03/02/11   Market Highly Correlated? That Depends.

Editor’s Corner

Investor Heat Map: 3/2/11Market Highly Correlated? That Depends.

Ron Rowland

Today started out pretty well on Wall Street, only to have an airport shooting incident in Germany make the rally turn on a dime.  Buyers returned once it was clear another 9/11 wasn’t unfolding.

More important in the big picture was Ben Bernanke’s testimony on Capitol Hill.  When he was asked what conditions would warrant a third round of quantitative easing, Bernanke replied that “what we’d like to see is a sustainable recovery.  We don’t want to see the economy falling back into a double dip or to a stall-out.”

Of course, everyone would like to see a “sustainable recovery” and no one wants to see a “double dip.”  That’s not the point.  Bernanke did not categorically rule out the idea of a QE3 program, nor did he even sound hesitant.  U.S. monetary rhetoric is beginning to diverge from Europe and Asia, where there is great concern for inflation.  Changing rhetoric is not the same as changing policy, but it is a step in that direction.  The bottom line is that the Fed is not planning to tighten any time soon, and oil is now over $100.  Gold hit a new high before retreating a bit. 

Our three Edge charts, as we will elaborate below, currently show three dramatically different views of the market.  Among sectors, we have one very clear leader (Energy) and everything else.  All sectors have positive momentum.  The Style categories are all solidly and nearly equal in their bullish alignment.  Globally, we have some regions positive and others negative, with every category showing a different degree of momentum.

How do we interpret this?  Currently, correlation between sectors is very low, while correlation between styles is high.  Financial pundits sometimes talk about how everything in the financial markets is now connected and correlation is very high.  Our response: It depends how you look at it.  Anyone who has been in Energy stocks recently is probably pleased.  Those holding China stocks, not so much.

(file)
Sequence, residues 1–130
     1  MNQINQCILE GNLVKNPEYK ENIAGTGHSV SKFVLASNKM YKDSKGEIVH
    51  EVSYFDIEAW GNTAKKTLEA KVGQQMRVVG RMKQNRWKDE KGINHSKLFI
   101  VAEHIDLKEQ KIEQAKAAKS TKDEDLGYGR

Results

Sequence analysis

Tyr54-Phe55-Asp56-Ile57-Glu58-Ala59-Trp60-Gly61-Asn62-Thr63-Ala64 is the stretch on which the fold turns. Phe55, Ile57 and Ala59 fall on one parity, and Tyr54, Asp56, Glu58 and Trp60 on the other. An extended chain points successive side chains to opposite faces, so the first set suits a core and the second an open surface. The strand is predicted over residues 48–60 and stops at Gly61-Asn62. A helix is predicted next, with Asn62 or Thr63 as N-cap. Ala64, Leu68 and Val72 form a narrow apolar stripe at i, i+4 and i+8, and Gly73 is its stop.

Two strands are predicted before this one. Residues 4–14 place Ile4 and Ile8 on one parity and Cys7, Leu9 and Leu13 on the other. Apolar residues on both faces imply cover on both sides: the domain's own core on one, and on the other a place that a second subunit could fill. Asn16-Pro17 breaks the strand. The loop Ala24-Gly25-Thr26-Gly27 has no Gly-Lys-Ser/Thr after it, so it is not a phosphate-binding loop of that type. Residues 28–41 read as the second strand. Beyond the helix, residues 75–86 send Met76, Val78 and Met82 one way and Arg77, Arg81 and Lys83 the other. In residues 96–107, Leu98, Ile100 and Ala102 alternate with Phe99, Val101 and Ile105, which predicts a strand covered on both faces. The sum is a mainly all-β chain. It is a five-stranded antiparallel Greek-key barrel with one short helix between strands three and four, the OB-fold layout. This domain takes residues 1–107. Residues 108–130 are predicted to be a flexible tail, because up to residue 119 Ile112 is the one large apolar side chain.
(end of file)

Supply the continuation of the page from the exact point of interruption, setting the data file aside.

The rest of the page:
Sectors

Energy further separated itself from all other sectors this week.  A quick glance at our Sector Edge chart leaves no doubt who is in the lead.  There is Energy – and then there is everything else.  Among the others, there is some differentiation.  Higher fuel prices hit the transports hard, punishing the Industrial sector of which transportation is a part, but Industrials still kept the second-place position.  The four-way tie for third place has broken up a bit but still contains the same four sectors: Consumer Discretionary, Materials, Financials, and Technology.  Telecom slipped into last place, while Utilities is showing some resilience amidst the turmoil.

Styles

The Style rankings are now extremely compressed with all eleven categories showing momentum readings in the 20s.  The stack is still mostly inverted by size, with Small Growth on top and Mega Cap on the bottom.  It would not take much for any group to move way up or way down, relatively speaking.  What would generate such a move is unclear, given that the Style categories seem to be increasingly correlated lately.

International

Canada maintained its grip on the top spot, thanks to the Energy sector’s strong outperformance.  Japan pushed aside the U.S. to take second place, helped by a stronger Yen.  The Euro was strong, too, allowing even once-moribund Europe to move ahead of the U.S.  The overall pattern of the last month, with developed markets all positive and emerging markets all negative, is still in place.  China, though still on the bottom, was one of the few categories to show improvement from last week.  This may be the first hint of a trend change.


Note:

The charts above depict both the relative strength and absolute strength of various market sectors, styles, and geographic locations on an intermediate-term basis. Each grouping is sorted (top to bottom) by relative strength. The magnitude of the displayed RSM value is a measure of absolute strength, which is our proprietary method of measuring and reporting the intermediate-term strength as an annualized value.


“The only thing that goes up in a down market is correlation.”

market adage


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